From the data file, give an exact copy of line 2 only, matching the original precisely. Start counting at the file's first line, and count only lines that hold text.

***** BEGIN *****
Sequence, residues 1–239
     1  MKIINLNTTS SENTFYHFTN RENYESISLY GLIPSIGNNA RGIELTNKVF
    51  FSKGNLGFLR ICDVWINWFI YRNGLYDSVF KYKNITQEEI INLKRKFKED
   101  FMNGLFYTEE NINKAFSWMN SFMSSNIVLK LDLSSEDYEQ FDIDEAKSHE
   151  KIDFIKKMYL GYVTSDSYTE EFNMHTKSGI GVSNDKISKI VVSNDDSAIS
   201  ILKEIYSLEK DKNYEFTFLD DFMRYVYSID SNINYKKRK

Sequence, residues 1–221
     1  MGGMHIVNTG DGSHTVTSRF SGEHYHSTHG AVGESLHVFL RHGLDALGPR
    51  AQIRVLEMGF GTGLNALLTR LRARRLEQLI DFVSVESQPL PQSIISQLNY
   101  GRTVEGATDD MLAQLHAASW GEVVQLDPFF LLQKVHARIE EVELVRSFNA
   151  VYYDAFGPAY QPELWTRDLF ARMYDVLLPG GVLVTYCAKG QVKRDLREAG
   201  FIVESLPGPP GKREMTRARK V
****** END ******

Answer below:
     1  MKIINLNTTS SENTFYHFTN RENYESISLY GLIPSIGNNA RGIELTNKVF